“Everything that we see is a shadow cast by that which we do not see.” Martin Luther King, Jr.
”]Each year on the third Monday in January, Martin Luther King, Jr. Day is observed as a US federal holiday. This year it falls on January 17th. None of our students were even born during Martin Luther King’s lifetime, nor were most of their parents, so what do they really know about this man other than what they’ve been told? Why should anyone acknowledge him other than being grateful for a day off once a year in recognition of his January 15 birth date? How might the shadow cast by his words and actions almost fifty years ago affect what we see in our world today?
Fortunately, there is a wealth of primary resources available on Martin Luther King, Jr. so that you and your students can learn for yourselves who this man was and what he stood for. Students can formulate their own ideas about the shadow he might still cast today and what might be the reasons this man deserves an annual federal holiday.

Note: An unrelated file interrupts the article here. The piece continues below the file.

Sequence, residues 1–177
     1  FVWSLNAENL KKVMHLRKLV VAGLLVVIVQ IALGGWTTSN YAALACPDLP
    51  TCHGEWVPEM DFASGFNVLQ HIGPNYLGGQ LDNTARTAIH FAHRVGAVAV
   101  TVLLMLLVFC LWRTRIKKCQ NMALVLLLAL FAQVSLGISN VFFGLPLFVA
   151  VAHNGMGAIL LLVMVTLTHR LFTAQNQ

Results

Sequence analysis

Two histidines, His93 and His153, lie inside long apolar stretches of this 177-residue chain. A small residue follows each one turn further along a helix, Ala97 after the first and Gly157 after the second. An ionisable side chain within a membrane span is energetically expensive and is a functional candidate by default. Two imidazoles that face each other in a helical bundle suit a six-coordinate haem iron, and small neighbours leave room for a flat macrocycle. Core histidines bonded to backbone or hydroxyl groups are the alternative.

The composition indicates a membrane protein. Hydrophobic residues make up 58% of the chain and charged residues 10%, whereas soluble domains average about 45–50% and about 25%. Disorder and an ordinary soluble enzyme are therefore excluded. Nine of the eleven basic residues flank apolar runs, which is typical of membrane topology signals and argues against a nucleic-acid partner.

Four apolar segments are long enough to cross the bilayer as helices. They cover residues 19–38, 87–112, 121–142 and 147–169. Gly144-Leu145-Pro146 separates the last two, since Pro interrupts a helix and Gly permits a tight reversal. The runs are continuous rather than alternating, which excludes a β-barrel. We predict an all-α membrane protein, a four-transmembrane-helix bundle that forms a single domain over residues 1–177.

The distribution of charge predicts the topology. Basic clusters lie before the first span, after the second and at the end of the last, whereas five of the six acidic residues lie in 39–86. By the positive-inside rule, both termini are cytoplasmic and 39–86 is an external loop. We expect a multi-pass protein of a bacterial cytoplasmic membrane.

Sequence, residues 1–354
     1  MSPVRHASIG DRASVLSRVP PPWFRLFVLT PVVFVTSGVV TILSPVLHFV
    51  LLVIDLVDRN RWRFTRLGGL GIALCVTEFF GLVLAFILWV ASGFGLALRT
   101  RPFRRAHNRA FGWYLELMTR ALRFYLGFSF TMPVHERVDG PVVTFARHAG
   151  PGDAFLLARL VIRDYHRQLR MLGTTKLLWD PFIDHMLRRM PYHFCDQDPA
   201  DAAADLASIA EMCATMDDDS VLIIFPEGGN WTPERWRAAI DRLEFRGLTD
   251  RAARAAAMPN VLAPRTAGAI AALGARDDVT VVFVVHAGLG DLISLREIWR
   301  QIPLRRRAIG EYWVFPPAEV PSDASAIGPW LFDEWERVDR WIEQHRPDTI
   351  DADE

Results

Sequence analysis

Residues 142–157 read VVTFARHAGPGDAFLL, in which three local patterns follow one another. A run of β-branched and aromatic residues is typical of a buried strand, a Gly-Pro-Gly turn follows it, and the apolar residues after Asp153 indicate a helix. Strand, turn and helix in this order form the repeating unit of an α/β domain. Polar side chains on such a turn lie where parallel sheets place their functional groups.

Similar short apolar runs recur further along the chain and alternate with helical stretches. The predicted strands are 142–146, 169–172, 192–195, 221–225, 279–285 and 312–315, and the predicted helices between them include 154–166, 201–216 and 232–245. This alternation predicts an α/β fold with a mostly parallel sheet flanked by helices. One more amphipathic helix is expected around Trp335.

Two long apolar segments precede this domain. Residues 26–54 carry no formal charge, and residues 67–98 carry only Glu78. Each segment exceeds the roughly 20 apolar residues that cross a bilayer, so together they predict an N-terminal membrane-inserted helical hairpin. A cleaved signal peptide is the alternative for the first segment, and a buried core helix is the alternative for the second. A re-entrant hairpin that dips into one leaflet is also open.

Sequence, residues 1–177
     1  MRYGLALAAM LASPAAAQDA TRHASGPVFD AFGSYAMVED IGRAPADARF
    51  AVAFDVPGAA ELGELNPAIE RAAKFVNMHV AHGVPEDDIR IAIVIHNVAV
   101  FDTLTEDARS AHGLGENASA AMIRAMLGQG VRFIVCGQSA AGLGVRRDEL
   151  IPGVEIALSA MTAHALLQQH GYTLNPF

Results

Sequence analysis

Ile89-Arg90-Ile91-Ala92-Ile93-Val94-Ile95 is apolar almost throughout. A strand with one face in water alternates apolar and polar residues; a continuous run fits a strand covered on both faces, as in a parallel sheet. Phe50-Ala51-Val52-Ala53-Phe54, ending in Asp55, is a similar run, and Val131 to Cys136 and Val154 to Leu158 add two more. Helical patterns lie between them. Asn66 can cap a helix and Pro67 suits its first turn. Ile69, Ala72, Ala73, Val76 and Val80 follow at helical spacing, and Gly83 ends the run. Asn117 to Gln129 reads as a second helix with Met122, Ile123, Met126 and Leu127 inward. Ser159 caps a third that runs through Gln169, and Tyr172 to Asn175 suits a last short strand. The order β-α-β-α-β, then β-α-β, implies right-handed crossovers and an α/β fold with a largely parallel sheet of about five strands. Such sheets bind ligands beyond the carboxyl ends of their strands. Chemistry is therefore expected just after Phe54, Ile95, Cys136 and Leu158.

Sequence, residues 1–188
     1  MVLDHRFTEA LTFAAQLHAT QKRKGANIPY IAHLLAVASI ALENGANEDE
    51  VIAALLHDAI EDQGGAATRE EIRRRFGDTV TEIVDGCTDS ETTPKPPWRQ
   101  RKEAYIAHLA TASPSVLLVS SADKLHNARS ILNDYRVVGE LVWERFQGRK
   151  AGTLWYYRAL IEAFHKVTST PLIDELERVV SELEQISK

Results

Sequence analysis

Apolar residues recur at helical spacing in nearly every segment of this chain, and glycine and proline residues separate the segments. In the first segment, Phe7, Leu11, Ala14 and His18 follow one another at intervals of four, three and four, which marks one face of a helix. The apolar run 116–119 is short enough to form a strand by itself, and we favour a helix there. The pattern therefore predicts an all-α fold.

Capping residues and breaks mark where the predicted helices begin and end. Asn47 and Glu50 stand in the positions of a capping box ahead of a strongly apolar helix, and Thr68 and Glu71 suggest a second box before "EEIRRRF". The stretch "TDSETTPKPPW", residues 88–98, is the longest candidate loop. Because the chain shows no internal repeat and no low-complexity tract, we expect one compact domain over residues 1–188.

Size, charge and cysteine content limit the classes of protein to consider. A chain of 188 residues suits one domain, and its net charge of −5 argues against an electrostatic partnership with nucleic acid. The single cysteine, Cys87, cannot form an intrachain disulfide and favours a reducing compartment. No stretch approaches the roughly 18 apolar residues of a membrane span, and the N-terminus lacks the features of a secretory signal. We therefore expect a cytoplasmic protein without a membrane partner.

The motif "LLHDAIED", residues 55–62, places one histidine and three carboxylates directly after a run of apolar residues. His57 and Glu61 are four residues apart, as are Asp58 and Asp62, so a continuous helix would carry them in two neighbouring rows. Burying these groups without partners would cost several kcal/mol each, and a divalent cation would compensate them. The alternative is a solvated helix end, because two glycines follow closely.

On History and Politics Out Loud, listen to speeches given by Martin Luther King, Jr. in his own voice. You can hear and watch his “I Have a Dream” speech on this YouTube video. Is it still applicable today? What was his dream? Has it come true in whole or in part? How do you know?
PBS also provides multiple primary resources on their American Experience “Citizen King” pages. Watch videos from three perspectives of that time period provided in 1963 by Malcolm X, Martin Luther King, Jr., and James Baldwin.
You can take an online field trip with a Virtual Tour of Martin Luther King’s childhood home. This site also provides multiple K-8 Lesson Plans/Teacher Guides as well as a Problem-Solution Project for grades 4-8.
Will you utilize these resources in January to celebrate the birthday of Martin Luther King? Will they be more useful in February during Black History Month? Or will we see more clearly by examining the lessons learned from shadows cast in these resources by embedding them throughout the school year as habits of mind?
Whenever you might use them, remember HOW you use them is equally important. As Martin Luther King said, ” The function of education is to teach one to think intensively and to think critically… Intelligence plus character – that is the goal of true education.”
Debbie Perkins is an instructional specialist with the eMINTS National Center.